Having been raised Baptist and then Methodist, I understand how important religion, especially Christianity, can be to many people. Furthermore, I have been in the public school system for 14 years, starting in kindergarten and continuing through college. I can absolutely understand why many parents choose to send their children to private institutions, including religious ones. Public schools are often scraping for pennies and teachers can range from being sages to downright incompetent. However, the constitution makes it clear that “Congress shall make no law respecting an establishment of religion.” Therefore, the Supreme Court’s recent 5-4 decision in Espinoza v. Montana Department of Revenue (which allows states to fund private religious schools) should give us pause because it undermines the separation of church by disproportionately favoring Christian institutions.
Montana had a program that provides scholarships to low-income students seeking to attend private schools. The Department of Revenue barred those funds from being used for sectarian schools until a county judge reversed that decision. In 2018, the Montana Supreme Court invalidated the program because their constitution bars religious education institutions from using public money. Chief Justice John Roberts wrote that while the court found the restrictions on religious schools to be consistent with Montana law, the program “discriminates based on religious status.” Roberts cited prior cases where neutral government programs could not discriminate against religious institutions and schools.
The Supreme Court’s ruling will have lasting consequences on the secular state, primarily because the case favors Christian schools. Let’s look at Montana for example. According to the Pew Research Center, 65 percent of adults in The Treasure State identify as Christian whereas five percent practice a non-Christian faith. About 20 percent do not practice any faith. Consequently, there are significantly more Christian-affiliated schools than Jewish or Muslim institutions. As a practical matter, these numbers imply that people of one faith stand to gain the most from the court’s recent decision. As such, they will receive the vast majority of funds going to religious schools and an easier time proselytizing their religion at taxpayers’ expense.
I can already hear the enraged commenters clacking away at their keyboards. One argument we may hear is that Christianity is the dominant religion in the U.S. and as such there should be more schools and students affiliated with the faith. While 65 percent of Americans do identify as Christian, the faith is experiencing a rapid decline. Concurrently, religiously unaffiliated people are steadily growing in number.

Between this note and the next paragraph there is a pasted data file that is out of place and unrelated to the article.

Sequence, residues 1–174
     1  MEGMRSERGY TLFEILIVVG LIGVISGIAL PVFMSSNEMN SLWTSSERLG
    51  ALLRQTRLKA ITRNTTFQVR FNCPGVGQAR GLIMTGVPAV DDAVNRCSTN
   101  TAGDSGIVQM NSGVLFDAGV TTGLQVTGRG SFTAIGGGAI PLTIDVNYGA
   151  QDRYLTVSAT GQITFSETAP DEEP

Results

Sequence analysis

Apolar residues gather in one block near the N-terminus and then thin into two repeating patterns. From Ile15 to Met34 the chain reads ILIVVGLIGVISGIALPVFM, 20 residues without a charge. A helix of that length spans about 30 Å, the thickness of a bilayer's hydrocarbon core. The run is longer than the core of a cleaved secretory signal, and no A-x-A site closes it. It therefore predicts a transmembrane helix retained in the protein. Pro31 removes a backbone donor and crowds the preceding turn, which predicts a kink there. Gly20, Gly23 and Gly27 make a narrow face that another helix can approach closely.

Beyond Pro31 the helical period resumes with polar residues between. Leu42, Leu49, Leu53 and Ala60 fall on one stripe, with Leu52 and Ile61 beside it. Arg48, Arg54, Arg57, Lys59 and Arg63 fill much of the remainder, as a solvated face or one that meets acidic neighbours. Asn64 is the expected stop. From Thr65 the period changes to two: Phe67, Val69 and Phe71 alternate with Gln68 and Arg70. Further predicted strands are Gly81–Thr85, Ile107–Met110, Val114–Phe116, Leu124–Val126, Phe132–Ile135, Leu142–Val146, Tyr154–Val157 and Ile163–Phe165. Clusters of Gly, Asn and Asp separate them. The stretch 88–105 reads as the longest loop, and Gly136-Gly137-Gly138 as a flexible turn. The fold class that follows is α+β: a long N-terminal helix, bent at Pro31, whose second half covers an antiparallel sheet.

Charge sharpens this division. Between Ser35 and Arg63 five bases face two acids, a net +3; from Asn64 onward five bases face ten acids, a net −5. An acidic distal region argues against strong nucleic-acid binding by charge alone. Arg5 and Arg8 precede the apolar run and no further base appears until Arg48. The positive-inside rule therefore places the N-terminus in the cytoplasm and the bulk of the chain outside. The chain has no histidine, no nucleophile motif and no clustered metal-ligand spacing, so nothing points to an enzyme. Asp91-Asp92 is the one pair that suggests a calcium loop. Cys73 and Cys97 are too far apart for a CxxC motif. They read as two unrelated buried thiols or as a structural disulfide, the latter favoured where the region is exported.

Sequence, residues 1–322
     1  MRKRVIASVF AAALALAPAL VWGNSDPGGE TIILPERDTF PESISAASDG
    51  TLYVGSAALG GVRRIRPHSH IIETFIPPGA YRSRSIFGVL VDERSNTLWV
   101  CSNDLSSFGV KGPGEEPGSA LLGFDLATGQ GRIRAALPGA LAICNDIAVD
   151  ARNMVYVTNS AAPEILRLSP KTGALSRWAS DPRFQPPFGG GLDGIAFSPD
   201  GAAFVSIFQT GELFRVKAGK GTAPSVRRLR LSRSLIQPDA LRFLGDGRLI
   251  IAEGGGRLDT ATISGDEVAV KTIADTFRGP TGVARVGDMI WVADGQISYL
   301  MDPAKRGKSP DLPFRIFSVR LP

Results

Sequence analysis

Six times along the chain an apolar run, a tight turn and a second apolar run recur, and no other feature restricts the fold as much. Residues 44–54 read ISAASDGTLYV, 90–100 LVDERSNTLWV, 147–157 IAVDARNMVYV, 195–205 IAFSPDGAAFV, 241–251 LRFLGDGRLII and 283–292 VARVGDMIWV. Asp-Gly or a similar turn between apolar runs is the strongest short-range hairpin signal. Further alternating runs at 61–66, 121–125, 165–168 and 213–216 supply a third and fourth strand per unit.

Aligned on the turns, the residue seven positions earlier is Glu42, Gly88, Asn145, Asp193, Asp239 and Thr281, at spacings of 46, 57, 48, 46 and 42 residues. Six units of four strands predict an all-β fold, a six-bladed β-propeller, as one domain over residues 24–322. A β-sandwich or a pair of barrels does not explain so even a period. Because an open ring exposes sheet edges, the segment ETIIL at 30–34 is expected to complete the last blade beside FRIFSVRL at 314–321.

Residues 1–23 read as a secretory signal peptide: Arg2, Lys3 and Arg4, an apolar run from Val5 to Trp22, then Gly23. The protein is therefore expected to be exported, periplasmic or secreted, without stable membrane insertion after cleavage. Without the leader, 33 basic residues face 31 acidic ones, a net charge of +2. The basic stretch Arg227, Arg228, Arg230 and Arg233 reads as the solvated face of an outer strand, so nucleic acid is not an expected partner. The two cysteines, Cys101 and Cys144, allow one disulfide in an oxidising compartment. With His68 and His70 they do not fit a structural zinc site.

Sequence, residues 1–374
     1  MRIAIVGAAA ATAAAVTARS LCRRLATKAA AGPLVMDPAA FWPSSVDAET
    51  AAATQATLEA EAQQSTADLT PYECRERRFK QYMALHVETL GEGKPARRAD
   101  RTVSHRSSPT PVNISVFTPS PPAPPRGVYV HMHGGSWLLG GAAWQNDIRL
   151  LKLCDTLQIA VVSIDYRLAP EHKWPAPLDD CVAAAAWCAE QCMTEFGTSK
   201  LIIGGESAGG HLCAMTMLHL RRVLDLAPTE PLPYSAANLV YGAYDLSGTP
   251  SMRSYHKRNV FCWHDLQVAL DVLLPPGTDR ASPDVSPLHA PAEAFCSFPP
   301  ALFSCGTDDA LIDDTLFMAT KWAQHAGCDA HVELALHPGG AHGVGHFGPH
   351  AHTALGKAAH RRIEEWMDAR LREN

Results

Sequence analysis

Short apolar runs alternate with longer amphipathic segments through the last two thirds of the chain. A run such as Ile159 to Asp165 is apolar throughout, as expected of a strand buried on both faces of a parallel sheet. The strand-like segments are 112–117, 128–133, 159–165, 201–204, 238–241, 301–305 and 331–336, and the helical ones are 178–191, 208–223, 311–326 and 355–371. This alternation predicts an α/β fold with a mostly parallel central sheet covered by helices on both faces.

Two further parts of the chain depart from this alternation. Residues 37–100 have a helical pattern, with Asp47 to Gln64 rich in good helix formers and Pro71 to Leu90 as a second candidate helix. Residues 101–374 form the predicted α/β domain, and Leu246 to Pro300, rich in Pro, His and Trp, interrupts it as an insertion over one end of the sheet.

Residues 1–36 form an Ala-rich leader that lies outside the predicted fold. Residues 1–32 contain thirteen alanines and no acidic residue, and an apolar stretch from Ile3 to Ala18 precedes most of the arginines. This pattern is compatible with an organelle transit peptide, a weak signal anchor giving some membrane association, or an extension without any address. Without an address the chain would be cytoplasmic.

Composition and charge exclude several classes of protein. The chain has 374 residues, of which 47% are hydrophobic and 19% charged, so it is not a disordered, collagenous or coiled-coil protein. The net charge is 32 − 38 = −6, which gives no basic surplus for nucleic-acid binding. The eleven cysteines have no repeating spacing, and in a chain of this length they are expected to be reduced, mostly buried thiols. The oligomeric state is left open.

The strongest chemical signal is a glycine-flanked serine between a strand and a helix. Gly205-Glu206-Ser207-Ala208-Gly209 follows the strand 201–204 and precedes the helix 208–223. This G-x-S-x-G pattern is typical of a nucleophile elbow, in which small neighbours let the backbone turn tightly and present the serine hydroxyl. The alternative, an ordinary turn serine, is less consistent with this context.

Moreover, as Justice Ginsburg wrote in her dissenting opinion, the Montana program did not obstruct people’s ability to practice their religion. According to her, the scholarship program as it was before the ruling did not promote religion nor incentivize religious families to abandon their faith. The policy merely prevented the state from paying people to teach their religion in the classroom.
The precedent this case sets for future issues concerning the separation of church and state is another problem. In his dissent, Justice Breyer writes two significant conclusions. First, he reminds us that the Supreme Court has held there should be “play in the joints” between the clauses that state governments cannot promote religion (Establishment Clause) nor can they prevent people from practicing their faith (Free Expression Clause). Second, he points to Locke v. Davey, a case where the Supreme Court ruled that states can provide taxpayer-funded scholarships to students as long as they do not seek degrees that are, “devotional in nature or designed to induce religious belief.”
The “play in the joints” between the Establishment and Free Expression clauses leans towards the latter in this case. Per the court’s decision, if states use taxpayer dollars to fund scholarships for private institutions, that benefit must extend to religious schools. As such, if a state has a program similar to Montana’s, they must either scrap it or support faith-based institutions; namely, Christian ones.
Because the court ruled differently in this case than in Locke, Espinoza can be used as a precedent to erode the secular state in future cases that concern the separation of church and state. As a result, the Supreme Court has paved the way for the government to promote religion as more people become unaffiliated with any faith.
Decisions like Espinoza v. Montana Department of Revenue subvert the delicate harmony between various faiths and promote certain beliefs and values. If we cannot identify where to draw the line between the church and government, we will see the death of the secular state.